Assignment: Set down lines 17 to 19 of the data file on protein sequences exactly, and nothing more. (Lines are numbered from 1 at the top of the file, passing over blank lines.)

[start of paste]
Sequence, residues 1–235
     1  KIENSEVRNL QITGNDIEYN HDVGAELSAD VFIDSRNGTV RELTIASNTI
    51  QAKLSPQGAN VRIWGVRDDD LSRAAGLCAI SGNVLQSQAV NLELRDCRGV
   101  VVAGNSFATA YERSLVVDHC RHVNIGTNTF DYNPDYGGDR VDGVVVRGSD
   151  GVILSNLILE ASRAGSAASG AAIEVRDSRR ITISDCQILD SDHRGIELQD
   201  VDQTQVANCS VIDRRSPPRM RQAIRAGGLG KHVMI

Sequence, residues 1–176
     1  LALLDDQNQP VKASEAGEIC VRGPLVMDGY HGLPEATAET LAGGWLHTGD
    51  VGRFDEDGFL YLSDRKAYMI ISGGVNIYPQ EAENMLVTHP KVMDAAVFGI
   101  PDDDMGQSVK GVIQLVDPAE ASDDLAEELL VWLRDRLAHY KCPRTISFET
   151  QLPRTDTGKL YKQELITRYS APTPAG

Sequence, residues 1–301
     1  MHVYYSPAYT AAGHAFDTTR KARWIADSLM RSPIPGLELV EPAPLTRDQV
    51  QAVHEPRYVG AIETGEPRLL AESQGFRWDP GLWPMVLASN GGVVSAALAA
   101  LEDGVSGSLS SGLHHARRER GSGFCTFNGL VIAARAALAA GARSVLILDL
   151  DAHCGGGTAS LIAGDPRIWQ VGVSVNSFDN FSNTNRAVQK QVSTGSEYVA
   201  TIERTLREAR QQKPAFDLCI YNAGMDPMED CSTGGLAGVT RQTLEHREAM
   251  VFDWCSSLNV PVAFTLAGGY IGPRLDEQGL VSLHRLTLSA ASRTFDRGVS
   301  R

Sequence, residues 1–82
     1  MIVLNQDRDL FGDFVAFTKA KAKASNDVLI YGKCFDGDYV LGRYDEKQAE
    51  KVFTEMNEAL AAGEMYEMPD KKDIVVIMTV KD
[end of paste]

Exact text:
   201  TIERTLREAR QQKPAFDLCI YNAGMDPMED CSTGGLAGVT RQTLEHREAM
   251  VFDWCSSLNV PVAFTLAGGY IGPRLDEQGL VSLHRLTLSA ASRTFDRGVS
   301  R